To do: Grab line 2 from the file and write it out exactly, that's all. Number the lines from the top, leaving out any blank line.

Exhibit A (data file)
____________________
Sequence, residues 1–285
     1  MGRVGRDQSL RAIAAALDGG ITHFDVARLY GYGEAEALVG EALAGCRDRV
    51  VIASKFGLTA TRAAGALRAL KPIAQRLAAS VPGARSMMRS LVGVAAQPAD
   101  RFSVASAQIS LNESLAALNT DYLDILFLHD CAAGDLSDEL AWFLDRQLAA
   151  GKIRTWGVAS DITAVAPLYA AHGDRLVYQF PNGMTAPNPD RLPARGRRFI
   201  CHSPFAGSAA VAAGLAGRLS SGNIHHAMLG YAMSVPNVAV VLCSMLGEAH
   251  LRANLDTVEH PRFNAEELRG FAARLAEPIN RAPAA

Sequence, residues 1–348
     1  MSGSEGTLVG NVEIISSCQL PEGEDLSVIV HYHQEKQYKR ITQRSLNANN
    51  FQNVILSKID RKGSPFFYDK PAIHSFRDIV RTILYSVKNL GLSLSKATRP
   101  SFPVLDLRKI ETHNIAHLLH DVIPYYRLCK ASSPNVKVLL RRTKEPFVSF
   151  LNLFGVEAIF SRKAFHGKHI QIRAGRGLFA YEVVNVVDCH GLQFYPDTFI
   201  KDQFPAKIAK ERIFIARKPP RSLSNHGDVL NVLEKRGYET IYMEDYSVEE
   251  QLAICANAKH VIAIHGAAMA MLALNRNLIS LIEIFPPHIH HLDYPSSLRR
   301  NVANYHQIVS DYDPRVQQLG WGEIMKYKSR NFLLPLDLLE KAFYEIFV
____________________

     1  MGRVGRDQSL RAIAAALDGG ITHFDVARLY GYGEAEALVG EALAGCRDRV